A new wave of security breaches is costing UK businesses billions of pounds, according to a survey of security professionals in more than 500 organisations by PricewaterhouseCoopers (PwC).
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Chris Potter, partner, OneSecurity, PwC, told delegates at Infosecurity Europe in London that threat levels were the highest ever.
The threat environment was surprisingly bad and looked quite serious, he said.
This was despite the fact that security remained high on management's agenda and the recession had not dampened spending on security.
Public- and private-sector organisations appeared to have a greater understanding of security risks, but the survey revealed that most were ill-prepared to deal with them, he said.
New vulnerabilities were being exploited as businesses rapidly adopted emerging technologies such as virtualisation, social networking and cloud computing.
Series of threats
Potter said a series of threats was arising as new technologies were adopted, but people had to adapt to such changes and there was always a time lag.
Almost half the organisations polled said they had increased their expenditure on information security in the past year and about the same number expected to spend more on it next year.
Most organisations (82% of large ones and 75% of smaller ones) said they now assessed information security risks, compared with just 48% in 2008.
Potter said organisations were getting better at understanding security risks in a changing business environment where most of them relied increasingly on external services hosted over the internet.
Some 90% of large organisations said they had a formally documented security policy, up from 88% in 2008; 68% had partially or fully implemented ISO 27001, up from 65%; and 52% of large organisations gave staff ongoing education, up from 26%. But this was not translating into fewer breaches of security, said Potter.
The number of breaches had more than doubled in two years and had reached record levels for all sizes of organisation, he said.
All types of security breach were increasing, the survey found.
At a conservative estimate, the total cost of breaches to UK business in billions of pounds was well into double figures, said Potter.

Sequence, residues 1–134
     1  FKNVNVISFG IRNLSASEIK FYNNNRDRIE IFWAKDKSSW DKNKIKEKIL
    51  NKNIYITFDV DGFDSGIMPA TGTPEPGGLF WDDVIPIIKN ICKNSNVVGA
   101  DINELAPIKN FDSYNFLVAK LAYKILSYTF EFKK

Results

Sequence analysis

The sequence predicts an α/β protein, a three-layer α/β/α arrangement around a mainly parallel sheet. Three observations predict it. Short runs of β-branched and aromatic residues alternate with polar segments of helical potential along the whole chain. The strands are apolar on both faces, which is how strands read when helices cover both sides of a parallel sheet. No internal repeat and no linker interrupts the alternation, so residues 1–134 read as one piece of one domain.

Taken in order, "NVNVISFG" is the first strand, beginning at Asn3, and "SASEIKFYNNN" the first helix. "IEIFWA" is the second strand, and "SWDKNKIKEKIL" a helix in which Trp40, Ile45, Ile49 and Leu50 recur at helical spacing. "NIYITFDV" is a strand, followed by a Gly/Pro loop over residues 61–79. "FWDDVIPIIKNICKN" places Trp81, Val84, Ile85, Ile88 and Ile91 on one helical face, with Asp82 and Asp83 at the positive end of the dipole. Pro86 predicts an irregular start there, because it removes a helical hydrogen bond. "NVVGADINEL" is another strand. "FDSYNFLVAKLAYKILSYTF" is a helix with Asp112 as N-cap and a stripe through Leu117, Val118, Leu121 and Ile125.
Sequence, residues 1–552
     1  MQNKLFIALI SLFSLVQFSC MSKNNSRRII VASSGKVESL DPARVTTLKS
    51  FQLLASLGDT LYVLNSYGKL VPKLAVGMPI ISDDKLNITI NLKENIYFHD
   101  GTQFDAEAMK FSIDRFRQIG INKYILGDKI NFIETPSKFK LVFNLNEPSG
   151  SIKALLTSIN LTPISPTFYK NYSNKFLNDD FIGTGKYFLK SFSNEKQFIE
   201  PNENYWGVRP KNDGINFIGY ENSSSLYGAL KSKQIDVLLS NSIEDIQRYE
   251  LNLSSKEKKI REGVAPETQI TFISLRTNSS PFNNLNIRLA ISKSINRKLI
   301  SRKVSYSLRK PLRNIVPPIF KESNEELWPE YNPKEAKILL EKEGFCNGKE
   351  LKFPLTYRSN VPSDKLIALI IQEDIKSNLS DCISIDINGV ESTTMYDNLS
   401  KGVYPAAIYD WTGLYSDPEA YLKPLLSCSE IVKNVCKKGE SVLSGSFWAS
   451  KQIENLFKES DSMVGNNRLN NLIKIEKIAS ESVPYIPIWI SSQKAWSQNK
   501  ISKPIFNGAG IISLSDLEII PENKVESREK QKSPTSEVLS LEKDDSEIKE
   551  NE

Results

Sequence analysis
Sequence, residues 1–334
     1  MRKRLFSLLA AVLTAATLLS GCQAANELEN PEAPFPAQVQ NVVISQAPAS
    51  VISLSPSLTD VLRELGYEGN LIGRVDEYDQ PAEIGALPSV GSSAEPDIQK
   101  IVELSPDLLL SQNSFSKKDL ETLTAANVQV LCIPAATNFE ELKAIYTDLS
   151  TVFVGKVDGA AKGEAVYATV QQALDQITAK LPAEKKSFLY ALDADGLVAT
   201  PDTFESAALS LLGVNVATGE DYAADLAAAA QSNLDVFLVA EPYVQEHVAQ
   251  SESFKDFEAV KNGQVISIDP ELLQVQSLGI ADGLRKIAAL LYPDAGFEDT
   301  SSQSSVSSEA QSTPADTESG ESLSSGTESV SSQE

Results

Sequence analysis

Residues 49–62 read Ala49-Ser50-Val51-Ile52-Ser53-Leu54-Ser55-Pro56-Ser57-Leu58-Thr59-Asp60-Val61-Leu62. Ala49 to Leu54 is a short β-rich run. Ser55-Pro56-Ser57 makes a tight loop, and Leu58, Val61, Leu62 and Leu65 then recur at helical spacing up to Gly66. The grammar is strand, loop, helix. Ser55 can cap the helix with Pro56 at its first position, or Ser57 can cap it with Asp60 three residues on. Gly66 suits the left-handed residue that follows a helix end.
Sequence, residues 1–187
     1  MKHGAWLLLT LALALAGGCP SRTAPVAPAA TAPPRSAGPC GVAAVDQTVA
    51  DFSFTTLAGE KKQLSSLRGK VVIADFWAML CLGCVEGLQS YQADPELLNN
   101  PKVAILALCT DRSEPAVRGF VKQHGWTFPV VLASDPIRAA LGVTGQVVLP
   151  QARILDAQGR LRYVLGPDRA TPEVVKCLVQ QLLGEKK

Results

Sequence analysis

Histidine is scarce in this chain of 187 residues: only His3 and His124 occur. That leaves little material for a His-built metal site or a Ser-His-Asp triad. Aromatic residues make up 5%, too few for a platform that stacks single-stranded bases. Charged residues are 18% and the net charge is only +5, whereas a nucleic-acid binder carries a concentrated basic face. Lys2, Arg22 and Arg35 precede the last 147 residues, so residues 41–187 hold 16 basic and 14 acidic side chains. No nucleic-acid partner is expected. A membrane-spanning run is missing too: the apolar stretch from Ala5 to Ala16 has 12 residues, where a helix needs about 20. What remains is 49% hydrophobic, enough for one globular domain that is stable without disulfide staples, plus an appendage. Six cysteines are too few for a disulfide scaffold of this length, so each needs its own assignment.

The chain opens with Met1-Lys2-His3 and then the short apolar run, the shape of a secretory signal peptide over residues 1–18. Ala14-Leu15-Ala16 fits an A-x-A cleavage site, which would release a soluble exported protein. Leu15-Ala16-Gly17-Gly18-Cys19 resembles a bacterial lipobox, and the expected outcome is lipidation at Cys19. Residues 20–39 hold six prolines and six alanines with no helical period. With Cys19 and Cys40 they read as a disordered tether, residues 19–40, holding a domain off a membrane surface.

The survey revealed a dramatic reversal of the trend of decline in security breaches when compared with a similar PwC survey in 2008.
Then, only 35% of those polled reported malicious security breaches in the previous year. In the latest survey, this figure was 92% for large organisations of more than 250 employees and 74% for small ones of up to 25 employees.
The average number of breaches and cost are also up on two years ago, with smaller businesses averaging 11 breaches compared with six in 2008 and their worst incident of the year costing up to £55,000 on average, compared with £20,000 in 2008.
Larger businesses averaged 45 breaches, compared with 15 in 2008, and the worst incident cost up to £690,000 on average, compared with £170,000 in 2008.
Most respondents were pessimistic about the future, with 56% of large organisations and 43% of smaller ones expecting more incidents in 2011.
Andrew Beard, director, OneSecurity, PwC, said part of the solution to ensure better security was to encrypt data, and there had been huge improvements in this area.
But educating people was just as important and more companies than ever now had a security policy, although only 19% of respondents from large organisations thought their policy was well understood by staff, he said.
The root cause of this was that investment in security awareness training, although on the increase, was still often inadequate, said Beard.
The survey showed 32% of large and small organisations relied on one-off security awareness training at induction.
Protecting customer information remained the strongest driver for security expenditure, but more and more serious confidentiality breaches were being reported.
Among large organisations, 46% said staff had lost or leaked confidential data, and 45% of confidentiality breaches were very or extremely serious, compared with just 15% for other breaches.
Many businesses were still failing to make staff the first line of defence, said Beard.